Arts & Culture


Seeing Gray in a Black-and-white World Francine Prose Turns the Screws on the Self-righteous

By Jenifer Berman

A Changed Man By Francine Prose HarperCollins, 432 pages, $24.95. ——-You’d think that Francine Prose might be losing some steam. After more than a dozen novels and a handful of short fiction and nonfiction works, it would stand to reason that this National Book Award-nominated author might be a prime candidate for writerly malaise,Read More


The Logic of Religious Images

By David Curzon

Close to the end of this week’s portion is the injunction (Leviticus 26:1), “You shall not make idols for yourselves.” The Jewish Study Bible (Oxford University Press, 2004) annotates this by referring the reader back to an earlier verse (25:42) on the freeing of Hebrew slaves in the jubilee year, which is required because “they are MyRead More


A New Novel Tears Down a Sacred Shrine

By Peter Manseau

One of the more surprising moments in recent music history comes midway through the celebrated 1998 indie rock album “In the Aeroplane Over the Sea,” by the band Neutral Milk Hotel. Hiding in otherwise understated tune are some startling lyrics:Read More

                      I know they buried her body with others
Her sister and mother and five hundred families

                    

A Theory of Everything

By Jay Michaelson

Franz Rosenzweig is one of the most mentioned and least read of the Jewish philosophers. Everyone with an interest in modern Jewish philosophy includes him in its highest circle, along with Hermann Cohen, Martin Buber, Emanuel Levinas and, if religious philosophers are included, Abraham Joshua Heschel, Rav Kook and Joseph Soloveitchik. But whileRead More


A Critic Hears False Notes in Music History

By Raphael Mostel

One of the liveliest and most remarkable books about music was published this year. In “The Oxford History of Western Music,” iconoclastic University of California, Berkeley, professor Richard Taruskin offers a 4,000-page, six-volume survey of everything there is to know about Western classical music. For one person to encompass the vast rangeRead More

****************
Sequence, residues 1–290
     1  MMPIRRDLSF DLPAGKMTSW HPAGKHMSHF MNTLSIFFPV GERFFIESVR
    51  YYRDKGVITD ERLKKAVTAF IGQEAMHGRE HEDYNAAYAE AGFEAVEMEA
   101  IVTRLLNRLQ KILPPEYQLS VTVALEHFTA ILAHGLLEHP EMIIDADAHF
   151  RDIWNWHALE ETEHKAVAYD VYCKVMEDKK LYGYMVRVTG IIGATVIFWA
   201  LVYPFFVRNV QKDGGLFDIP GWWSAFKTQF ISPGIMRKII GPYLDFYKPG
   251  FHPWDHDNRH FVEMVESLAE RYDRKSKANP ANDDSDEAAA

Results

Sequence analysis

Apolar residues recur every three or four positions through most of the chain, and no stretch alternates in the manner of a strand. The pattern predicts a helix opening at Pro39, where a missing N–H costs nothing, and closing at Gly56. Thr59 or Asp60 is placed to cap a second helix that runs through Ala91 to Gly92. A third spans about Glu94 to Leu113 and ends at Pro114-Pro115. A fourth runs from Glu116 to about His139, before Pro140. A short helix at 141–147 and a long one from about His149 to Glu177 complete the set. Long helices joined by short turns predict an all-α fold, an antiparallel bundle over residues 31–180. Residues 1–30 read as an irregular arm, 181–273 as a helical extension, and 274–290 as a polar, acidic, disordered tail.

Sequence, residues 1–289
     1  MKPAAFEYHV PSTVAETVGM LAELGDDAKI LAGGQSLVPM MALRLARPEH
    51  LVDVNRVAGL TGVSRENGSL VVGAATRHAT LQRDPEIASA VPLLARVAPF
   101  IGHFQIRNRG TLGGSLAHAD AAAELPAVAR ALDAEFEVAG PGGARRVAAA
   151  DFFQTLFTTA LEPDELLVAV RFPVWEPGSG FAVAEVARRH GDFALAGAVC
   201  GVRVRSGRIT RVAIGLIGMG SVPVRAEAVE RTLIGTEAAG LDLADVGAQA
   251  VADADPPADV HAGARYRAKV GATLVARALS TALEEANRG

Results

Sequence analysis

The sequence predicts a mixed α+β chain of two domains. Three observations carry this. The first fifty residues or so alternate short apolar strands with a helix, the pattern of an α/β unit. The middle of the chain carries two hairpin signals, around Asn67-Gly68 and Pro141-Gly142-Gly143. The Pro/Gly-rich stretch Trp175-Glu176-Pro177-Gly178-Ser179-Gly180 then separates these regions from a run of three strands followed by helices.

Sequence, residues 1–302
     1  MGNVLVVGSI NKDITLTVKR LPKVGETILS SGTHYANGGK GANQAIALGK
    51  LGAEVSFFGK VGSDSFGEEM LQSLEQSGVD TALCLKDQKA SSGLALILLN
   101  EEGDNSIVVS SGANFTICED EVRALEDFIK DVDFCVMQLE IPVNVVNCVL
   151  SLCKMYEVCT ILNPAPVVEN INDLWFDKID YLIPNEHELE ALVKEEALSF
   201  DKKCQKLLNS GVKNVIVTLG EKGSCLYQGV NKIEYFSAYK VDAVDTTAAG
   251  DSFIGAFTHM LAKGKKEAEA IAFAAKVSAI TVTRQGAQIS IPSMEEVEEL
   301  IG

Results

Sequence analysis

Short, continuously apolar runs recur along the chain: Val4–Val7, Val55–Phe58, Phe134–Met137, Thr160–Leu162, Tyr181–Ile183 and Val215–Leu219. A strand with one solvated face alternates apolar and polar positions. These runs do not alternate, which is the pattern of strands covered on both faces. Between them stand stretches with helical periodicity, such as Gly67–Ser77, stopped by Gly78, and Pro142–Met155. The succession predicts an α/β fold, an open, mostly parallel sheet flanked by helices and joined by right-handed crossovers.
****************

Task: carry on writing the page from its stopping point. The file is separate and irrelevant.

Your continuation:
Bright Lights, Little Village: Jews in Small-town America

By Glenn C. Altschuler

    • *‘A baker who can make kimmel bread and German rolls (bagels, too, I suppose) can do well in Kalamazoo,” a field agent for the Industrial Removal Office of the Baron de Hirsch Fund reported in 1907. A junk dealer in Ashland, Ky., he added three years later, would gladly replace the Negro who worked in his yard with a Jew.Jews, it is well

The Imagination’s Many Rooms

By Sanford Pinsker

Jay Neugeboren’s “News From the New American Diaspora and Other Tales of Exile” is not only a cause for celebration in its own right but also an occasion to look back at Neugeboren’s long — and varied — career at the writing desk.Neugeboren’s short stories have been much honored, appearing in some 50 anthologiesRead More


The Boy Who Started a War

By Jameson Currier

On November 7, 1938, Herschel Grynszpan, a young Jewish man living in Paris illegally, walked into the German embassy and shot Ernst vom Rath, a German diplomat. The assassination triggered Kristallnacht, the organized Nazi pogrom against the Jewish community inside the boundaries of the Third Reich, and was the symbolic beginning of theRead More


Neighbor, Fellow or Friend?

By Philologos

One of the best-known verses in the Bible occurs in this week’s Torah reading of Kedoshim. It is also one of the most controversial.The verse in question is Leviticus 19:18, the Hebrew of which contains the phrase “Ve-ahavta le-re’akha kamokha.” The King James Version of the Bible translates this as, “Thou shalt love thy neighborRead More


Remembrance Day

By Daniel M. Jaffe

Marla sits alone in the sanctuary, her long face dimly illuminated by electric candles set about the room. She has arrived early for the Holocaust Remembrance Day service so as to contemplate private memories of the lost. Not that Marla can remember any specific person slain in the Holocaust, so long before her time, nor can she fathom theRead More


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